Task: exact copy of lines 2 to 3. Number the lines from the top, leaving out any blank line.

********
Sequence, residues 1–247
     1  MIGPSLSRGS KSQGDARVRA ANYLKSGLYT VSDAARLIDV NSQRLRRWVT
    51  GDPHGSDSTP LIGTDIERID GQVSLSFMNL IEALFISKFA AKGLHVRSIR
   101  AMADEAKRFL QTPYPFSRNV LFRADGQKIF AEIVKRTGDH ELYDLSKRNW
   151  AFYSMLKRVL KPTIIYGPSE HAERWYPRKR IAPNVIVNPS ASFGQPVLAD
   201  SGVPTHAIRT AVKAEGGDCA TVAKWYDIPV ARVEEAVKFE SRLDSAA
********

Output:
     1  MIGPSLSRGS KSQGDARVRA ANYLKSGLYT VSDAARLIDV NSQRLRRWVT
    51  GDPHGSDSTP LIGTDIERID GQVSLSFMNL IEALFISKFA AKGLHVRSIR